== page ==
The denomination I was with drew a line in the sand.  And I was on the other side.  It didn't make me angry, mainly because I wasn't surprised.  But it did make me sad.  Heartbreakingly so.

I cannot raise my children in a faith they will, probably, feel they need to apologize for later.  Only time will tell, really, if I managed to walk away without torching bridges behind me.  I know it was the right stand to make.  The peace I feel now is testimony to that.  But the mere fact I had to take a stand in the first place will always break my heart just a little each time I think of it.

If it's just a building, then why the need to find another one? Why put myself through social anxiety stress to do so? Because, after all of these years, I understand the need to be around like believers.  Fellow followers of Jesus.  To learn more.  To study.  To simply Be in a house of God.  And also, for the same reason we don't homeschool our children, they need to learn about the scriptures from someone else.

I know there's another community of believers out there who will welcome misfits, "non-traditional" beliefs and all.  And when we find it, it'll feel like coming home.  Again.


Rachael said...


Soozcat said...

Oh, man, Dori. I so feel for you, having to go through this.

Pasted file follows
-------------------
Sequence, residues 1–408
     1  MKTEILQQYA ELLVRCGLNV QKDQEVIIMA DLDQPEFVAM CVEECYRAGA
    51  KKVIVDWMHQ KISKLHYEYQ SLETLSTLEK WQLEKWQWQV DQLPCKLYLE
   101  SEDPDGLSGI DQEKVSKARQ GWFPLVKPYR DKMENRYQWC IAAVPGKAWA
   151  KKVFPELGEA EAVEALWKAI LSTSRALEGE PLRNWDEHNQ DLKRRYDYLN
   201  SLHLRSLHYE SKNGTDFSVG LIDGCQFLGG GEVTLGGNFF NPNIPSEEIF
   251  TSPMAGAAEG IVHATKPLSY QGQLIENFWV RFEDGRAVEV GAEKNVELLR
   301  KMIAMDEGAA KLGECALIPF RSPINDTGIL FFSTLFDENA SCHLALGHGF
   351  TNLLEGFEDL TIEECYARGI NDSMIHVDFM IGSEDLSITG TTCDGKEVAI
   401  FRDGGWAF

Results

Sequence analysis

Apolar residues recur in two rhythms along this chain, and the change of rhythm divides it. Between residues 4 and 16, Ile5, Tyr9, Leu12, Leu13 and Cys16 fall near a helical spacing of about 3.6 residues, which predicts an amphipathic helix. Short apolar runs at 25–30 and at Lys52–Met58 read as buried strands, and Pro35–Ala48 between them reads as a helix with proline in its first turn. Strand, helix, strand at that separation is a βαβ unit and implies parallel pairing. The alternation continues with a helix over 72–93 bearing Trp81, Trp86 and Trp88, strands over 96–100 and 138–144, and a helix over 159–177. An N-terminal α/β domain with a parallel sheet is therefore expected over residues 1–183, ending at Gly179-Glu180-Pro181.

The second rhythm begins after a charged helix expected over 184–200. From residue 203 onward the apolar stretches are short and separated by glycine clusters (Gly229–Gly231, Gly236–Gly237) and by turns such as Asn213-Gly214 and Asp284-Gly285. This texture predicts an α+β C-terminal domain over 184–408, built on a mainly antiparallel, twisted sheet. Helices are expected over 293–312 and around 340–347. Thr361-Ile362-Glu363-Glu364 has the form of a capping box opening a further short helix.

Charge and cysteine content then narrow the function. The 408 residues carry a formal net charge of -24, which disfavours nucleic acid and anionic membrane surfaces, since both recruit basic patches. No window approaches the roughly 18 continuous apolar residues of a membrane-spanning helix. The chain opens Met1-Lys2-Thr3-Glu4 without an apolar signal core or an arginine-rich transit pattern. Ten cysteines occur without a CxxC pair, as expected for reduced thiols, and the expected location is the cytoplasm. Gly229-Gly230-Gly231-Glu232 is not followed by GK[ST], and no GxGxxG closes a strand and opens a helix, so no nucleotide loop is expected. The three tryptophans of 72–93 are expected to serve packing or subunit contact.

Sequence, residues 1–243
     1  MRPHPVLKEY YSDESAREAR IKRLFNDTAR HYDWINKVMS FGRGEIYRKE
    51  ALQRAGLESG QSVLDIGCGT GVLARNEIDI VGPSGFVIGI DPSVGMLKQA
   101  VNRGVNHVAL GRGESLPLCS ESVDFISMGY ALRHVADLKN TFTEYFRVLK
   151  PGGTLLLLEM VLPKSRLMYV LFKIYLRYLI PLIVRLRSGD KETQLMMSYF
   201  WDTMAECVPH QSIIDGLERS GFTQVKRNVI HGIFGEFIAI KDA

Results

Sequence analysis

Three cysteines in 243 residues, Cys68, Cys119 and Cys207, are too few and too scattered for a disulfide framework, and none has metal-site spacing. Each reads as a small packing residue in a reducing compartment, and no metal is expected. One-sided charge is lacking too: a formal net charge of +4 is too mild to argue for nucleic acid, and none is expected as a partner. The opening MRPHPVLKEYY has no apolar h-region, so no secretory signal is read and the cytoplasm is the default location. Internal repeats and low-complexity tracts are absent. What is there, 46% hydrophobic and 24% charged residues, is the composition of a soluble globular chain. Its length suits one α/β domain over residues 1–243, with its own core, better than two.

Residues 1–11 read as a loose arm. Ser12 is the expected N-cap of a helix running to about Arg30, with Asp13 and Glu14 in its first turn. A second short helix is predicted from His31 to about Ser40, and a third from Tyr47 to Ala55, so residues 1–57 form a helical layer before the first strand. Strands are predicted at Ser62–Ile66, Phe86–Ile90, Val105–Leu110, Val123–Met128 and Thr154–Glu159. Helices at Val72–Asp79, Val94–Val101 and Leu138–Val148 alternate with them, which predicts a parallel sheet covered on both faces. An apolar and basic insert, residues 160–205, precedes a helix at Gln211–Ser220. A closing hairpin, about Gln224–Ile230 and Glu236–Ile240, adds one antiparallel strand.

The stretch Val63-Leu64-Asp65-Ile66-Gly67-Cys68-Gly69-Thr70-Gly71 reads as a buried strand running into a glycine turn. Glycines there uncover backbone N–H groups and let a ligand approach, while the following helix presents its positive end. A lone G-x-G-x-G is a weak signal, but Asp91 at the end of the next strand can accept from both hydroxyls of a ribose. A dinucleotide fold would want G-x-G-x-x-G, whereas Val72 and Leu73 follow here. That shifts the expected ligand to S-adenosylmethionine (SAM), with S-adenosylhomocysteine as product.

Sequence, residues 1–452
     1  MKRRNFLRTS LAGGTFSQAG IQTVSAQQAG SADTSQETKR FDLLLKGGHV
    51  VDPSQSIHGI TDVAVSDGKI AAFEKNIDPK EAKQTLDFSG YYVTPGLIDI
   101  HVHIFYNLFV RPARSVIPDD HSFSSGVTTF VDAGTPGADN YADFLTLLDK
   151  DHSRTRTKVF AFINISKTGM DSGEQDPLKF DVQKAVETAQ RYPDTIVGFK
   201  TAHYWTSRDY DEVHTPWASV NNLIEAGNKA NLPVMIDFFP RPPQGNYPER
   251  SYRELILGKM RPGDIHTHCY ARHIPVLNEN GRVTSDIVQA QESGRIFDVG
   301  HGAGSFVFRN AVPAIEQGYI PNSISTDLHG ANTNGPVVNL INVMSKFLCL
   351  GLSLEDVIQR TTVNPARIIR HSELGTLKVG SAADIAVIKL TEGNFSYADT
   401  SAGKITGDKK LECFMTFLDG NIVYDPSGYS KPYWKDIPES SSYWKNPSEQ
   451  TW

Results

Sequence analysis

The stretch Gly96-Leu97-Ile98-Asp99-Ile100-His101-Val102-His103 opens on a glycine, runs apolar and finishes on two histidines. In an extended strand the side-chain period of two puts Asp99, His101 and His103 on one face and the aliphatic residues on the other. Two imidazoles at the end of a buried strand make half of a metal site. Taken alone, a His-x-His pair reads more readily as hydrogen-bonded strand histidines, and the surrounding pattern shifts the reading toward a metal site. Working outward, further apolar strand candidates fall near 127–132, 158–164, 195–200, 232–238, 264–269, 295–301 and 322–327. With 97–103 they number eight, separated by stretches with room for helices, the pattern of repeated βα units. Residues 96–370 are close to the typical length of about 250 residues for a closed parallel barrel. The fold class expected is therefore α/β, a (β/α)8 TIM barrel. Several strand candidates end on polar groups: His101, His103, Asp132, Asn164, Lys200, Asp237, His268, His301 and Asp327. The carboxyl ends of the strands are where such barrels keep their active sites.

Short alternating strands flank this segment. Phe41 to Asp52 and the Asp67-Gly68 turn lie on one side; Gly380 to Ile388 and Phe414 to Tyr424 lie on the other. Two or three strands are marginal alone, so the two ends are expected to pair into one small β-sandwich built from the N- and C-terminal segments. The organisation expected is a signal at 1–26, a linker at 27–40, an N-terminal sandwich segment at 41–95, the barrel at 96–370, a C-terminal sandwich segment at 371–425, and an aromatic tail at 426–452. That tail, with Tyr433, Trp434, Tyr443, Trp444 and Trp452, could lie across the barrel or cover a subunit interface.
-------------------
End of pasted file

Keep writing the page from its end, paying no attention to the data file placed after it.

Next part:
Some people have suggested that it would be easier to know what to do if Jesus had dealt specifically with someone who was gay. My response is, "How do we know he didn't?" We know very little about Jesus' followers, other than by their professions -- and, in some instances, by their self-professed problems (Peter's "Depart from me, for I am a sinful man" comes to mind). But none of that mattered to the Christ. Once they became his followers, they started anew. Whatever baggage they might have carried with them before, they were expected to lay it down once they became fishers of men.

In fact, the only people Jesus ever soundly condemns in his sermons are the "hypocrites" -- those who do evil but who pretend they are the best, by virtue of the strictness of their observances. He had little or nothing to say in condemnation of the sinners who followed him, because they were aware of their own failings and were trying to do better. Those people who concealed their own sins under a veneer of propriety, who hid their evil even from themselves, received some of the hardest tongue-lashings from Jesus. It wasn't because they were trying to be good. It was because they were trying to be *better than*, because they were measuring their own goodness in the eyes of their fellow men. And that part of human nature hasn't changed much in two thousand years.

We'll continue to remember you and your family in our prayers, and ask that you might be led to a church where you can feel the love of Christ and of your fellow man in abundance.